Miro is an excellent tool for remote teams implementing Kanban practices because it creates a shared visual space that team members can access from anywhere. The platform’s intuitive design and real-time collaboration features enable teams to map out their processes, move tasks through different workflow stages, and see the big picture at a glance. 

Limit work-in-progress

Kanban emphasizes the importance of limiting work-in-progress (WIP) to prevent overloading team members and maintain focus and throughput. By setting WIP limits, teams are encouraged to complete current tasks before starting new ones, which helps to reduce context switching and promotes a smoother workflow.

Jira, a project management tool from Atlassian, is particularly adept at limiting work in progress. It allows teams to set WIP limits on Kanban boards, which helps to prevent overloading team members and makes sure that focus is maintained on current tasks.

When a column reaches its WIP limit, the team knows it’s time to focus on completing existing tasks before taking on new work. This feature is crucial for maintaining a balanced and efficient workflow, making Jira a strong choice for teams looking to implement this key Kanban practice.

Screenshot of a Jira Kanban board showing a WIP limit exceeded under Code review.
In this screenshot of Jira’s Kanban board, the background under Code review has turned red to indicate that it has exceeded its established WIP limit. Source: Atlassian

Manage flow

The management of flow in Kanban involves monitoring and optimizing the movement of tasks across the Kanban board. This practice is essential for identifying delays and checking that work progresses effectively through each stage. By managing flow, teams can build up cycle times and deliver value to customers more consistently.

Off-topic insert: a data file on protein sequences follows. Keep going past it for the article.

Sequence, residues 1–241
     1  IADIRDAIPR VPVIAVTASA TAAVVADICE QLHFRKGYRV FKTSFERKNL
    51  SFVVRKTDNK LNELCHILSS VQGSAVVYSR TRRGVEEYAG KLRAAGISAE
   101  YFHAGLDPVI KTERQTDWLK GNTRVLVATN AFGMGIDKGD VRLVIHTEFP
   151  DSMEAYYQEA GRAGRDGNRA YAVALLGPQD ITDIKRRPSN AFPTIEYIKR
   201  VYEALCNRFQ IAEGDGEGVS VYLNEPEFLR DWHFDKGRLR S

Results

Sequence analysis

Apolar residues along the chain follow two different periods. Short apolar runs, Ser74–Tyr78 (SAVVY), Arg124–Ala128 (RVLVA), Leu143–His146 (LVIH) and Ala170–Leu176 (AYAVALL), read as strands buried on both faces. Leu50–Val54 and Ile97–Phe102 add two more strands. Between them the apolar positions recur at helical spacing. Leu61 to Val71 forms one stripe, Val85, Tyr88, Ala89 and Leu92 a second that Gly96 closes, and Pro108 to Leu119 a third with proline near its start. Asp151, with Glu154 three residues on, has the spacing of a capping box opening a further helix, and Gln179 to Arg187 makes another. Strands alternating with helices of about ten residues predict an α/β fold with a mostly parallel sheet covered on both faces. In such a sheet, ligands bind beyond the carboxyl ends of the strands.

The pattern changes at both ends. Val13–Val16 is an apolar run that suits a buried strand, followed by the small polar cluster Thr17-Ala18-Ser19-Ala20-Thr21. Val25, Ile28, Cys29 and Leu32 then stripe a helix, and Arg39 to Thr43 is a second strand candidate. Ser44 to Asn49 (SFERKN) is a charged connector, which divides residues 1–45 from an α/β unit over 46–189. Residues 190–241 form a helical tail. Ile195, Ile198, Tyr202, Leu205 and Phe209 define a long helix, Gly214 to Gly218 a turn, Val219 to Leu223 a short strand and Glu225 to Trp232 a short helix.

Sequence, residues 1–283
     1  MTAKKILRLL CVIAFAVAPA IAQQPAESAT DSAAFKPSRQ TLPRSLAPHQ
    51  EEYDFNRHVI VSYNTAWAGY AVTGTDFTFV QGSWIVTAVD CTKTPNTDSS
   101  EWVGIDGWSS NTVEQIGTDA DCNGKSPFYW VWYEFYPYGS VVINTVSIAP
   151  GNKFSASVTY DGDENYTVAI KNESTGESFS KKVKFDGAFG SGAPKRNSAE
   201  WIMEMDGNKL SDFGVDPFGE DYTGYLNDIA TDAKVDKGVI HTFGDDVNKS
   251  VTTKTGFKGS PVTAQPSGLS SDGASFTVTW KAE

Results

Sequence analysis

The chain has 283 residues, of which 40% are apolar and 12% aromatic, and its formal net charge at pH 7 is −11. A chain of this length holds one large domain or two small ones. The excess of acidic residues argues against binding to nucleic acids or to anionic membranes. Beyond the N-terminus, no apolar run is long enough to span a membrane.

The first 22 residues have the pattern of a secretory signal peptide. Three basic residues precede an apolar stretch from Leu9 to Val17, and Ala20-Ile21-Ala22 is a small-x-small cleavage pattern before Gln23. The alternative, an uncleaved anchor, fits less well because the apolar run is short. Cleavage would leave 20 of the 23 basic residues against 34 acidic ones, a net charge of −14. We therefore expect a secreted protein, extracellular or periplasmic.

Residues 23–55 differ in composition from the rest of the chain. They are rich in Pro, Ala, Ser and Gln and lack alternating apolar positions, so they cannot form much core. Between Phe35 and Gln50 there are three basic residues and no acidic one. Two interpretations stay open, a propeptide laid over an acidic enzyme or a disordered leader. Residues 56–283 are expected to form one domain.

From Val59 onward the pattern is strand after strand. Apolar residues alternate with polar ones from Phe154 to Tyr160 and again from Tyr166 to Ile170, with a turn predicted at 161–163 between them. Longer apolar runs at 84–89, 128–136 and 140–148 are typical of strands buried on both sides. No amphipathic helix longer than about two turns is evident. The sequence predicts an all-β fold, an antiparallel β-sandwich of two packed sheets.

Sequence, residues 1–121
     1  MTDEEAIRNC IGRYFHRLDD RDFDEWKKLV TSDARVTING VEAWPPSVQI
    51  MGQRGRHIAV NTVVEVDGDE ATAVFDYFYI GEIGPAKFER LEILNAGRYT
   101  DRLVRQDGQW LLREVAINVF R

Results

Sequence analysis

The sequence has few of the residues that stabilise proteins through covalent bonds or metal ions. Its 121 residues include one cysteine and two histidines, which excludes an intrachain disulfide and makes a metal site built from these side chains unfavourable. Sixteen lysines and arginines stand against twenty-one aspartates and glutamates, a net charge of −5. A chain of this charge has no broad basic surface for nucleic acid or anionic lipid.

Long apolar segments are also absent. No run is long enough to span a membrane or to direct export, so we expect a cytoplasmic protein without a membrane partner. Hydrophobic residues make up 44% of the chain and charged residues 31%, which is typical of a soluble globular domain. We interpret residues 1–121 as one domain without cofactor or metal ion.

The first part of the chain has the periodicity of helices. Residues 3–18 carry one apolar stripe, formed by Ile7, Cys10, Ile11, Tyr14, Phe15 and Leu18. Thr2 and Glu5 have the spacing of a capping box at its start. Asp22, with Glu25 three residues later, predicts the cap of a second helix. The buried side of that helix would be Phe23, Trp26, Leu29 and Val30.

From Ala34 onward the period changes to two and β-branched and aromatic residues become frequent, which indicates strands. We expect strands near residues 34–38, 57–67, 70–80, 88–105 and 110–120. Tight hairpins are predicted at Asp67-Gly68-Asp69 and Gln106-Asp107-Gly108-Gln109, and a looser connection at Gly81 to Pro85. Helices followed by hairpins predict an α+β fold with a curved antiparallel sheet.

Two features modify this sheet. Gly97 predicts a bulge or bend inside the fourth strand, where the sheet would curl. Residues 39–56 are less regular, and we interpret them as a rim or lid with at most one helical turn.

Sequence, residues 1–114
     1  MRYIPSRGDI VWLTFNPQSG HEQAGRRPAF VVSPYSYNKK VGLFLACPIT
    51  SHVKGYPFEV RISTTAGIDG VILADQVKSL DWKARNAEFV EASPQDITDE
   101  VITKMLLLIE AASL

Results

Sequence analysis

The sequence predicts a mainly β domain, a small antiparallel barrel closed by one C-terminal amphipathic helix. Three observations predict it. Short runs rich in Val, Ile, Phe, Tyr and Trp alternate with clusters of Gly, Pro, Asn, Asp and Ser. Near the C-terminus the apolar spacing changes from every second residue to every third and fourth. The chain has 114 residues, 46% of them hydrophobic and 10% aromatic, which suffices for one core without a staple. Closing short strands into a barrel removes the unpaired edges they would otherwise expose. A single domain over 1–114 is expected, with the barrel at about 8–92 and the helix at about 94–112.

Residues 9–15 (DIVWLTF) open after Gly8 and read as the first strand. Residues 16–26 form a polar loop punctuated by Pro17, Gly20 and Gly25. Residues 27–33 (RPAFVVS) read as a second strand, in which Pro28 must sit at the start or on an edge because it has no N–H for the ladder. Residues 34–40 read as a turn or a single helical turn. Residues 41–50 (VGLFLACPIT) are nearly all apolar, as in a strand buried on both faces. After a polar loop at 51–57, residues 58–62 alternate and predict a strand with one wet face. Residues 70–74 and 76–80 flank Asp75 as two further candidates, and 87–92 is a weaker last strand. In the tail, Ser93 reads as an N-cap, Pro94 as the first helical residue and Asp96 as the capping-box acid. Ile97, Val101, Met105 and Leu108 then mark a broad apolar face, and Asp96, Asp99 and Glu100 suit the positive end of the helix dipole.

Amongst the plethora of Kanban tools available, Asana is quite effective at managing flow. It allows teams to create tasks, assign them to team members, set deadlines, and track progress through various stages. Its features support the monitoring and optimization of task flow across different projects. Additionally, Asana’s timeline view and calendar functions help teams understand their project’s progress and manage their workload over time. 

Make process policies explicit

Kanban calls for making process policies explicit, meaning that all team members clearly define and understand the rules and criteria for how tasks should progress through the workflow. This clarity helps avoid misunderstandings and ensures that everyone is aligned on handling the work.

Feedback loops

Incorporating feedback loops is crucial in Kanban as it allows for regular inspection and adaptation of the workflow. These feedback loops can take the form of meetings or retrospectives where the team reflects on their process, discusses improvements, and makes necessary adjustments to boost efficiency.

Improve collaboratively

Kanban is a collaborative approach that encourages the entire team to work together to identify process upgrade opportunities and implement changes that will lead to better workflow management. This collective effort makes sure that enhancements are sustainable and that the team consistently strives for excellence.

Trello is excellent for collaboration. It’s designed as a highly interactive tool that allows multiple users to work on the same board simultaneously. Team members can comment on cards, assign tasks, set deadlines, attach files, and get notifications about project updates in real time.

This level of interaction makes it easy for teams to stay connected and communicate effectively, regardless of their physical location. Trello’s simplicity and user-friendly interface also reduce the learning curve, making it accessible for all team members and increasing its collaborative capabilities.